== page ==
Education

The Kentucky College of Art + Design at Spalding University has a new president.

Moira Scott Payne became president last week after a vote by the executive committee of the KyCAD board of directors. Scott Payne had been serving as the dean of KyCAD since June 15.

Previously, she had served as vice president of academic affairs for Cornish College of the Arts in Seattle. Prior to that, she was director of the Art and Media Program at Duncan of Jordanstone College of Art and Design, Dundee University, Scotland.

Scott Payne is replacing outgoing president, Terry Tyler, who is assuming the role of director of community relations.

“I think I am at the stage in my career where I can afford myself the opportunity to work at a job that is alternative, interesting, exciting,” Scott Payne says. “It wouldn’t be, necessarily, the next step people might have imagined I would take, however I am excited because it brings the opportunity of bringing together everything I have learned in various roles over many years — both here and in Europe.”

She continues: “How many times do we have the the opportunity to build from the ground up? To create a new culture, a new energy and excitement.”

Seeking an experienced leader in art education, KyCAD launched a national search last fall for a new dean to become its chief academic officer. Written into the job description was the expectation that the dean would, in time, take on the role of president. With the move, Scott Payne retains the title of dean as well.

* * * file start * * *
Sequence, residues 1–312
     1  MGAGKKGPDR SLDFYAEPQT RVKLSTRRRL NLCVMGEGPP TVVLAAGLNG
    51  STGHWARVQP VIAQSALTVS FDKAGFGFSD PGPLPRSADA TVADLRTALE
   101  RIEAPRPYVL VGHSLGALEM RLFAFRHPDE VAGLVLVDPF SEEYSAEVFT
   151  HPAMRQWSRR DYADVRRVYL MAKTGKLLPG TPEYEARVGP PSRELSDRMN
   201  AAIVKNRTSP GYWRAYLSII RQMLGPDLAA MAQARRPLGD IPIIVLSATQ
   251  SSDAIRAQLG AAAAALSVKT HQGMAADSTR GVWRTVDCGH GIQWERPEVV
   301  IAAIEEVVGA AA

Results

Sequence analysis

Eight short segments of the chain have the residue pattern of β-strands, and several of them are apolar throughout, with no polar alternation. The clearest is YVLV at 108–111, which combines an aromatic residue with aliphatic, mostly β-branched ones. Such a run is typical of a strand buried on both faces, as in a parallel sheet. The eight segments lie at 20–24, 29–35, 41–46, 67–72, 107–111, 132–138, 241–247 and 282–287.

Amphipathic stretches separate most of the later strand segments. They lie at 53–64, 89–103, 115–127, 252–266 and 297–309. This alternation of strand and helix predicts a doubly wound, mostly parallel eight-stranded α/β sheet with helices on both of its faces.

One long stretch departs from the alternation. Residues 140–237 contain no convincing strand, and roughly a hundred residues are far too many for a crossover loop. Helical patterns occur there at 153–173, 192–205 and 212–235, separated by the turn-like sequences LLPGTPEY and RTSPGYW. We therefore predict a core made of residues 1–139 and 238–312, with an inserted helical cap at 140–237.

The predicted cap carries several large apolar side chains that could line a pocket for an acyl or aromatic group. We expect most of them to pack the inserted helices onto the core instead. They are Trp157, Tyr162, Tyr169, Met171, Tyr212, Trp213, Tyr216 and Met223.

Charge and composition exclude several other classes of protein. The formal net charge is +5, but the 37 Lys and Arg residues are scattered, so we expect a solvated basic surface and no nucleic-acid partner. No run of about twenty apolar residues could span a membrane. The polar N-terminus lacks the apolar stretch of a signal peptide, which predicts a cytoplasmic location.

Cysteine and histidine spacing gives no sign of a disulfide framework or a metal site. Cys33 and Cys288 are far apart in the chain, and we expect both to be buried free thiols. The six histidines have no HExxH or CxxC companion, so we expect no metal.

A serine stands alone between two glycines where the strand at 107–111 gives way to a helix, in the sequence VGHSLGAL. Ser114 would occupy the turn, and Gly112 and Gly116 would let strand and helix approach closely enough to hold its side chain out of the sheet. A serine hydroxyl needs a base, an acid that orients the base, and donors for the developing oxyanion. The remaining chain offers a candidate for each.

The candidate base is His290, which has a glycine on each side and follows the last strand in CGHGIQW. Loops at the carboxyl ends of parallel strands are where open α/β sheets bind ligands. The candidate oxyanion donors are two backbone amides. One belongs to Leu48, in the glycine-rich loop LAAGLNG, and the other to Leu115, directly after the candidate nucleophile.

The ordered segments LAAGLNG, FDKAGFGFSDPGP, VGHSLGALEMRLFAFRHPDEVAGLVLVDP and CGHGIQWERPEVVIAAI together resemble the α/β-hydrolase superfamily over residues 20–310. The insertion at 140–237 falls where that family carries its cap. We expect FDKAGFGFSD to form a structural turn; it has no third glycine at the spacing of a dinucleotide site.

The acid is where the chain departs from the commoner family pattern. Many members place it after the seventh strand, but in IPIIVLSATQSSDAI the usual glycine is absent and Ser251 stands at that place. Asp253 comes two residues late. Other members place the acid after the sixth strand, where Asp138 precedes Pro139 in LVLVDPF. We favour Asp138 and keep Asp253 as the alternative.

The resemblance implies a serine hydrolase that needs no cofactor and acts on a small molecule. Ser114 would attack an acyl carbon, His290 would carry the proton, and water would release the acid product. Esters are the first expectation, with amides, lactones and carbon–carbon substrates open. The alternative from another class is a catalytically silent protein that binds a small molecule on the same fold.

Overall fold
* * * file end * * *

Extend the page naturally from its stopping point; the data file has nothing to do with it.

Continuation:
“I am very eager to work closely with Moira as she leads KyCAD into the future,” said Spalding University President Tori Murden McClure, in a news release.

“KyCAD continues to attract an increasing number of students to Spalding and serves a significant void in our community; it’s only a matter of time before KyCAD becomes prominent across the region and country.”

Scott Payne says her first order of business as new president will be an increased focus on strategic planning for the school, which was founded in 2009 by artist and educator Churchill Davenport and several other people.

“We’re waiting for the faculty to come back in after the summer,” she says. “And once they arrive, we’re looking at developing a strategic plan that acknowledges we are here in Louisville — and what does that mean? Who are we as a team? What are our strengths and talents?”

Ashlie Stevens is WFPL's Arts & Culture Reporter.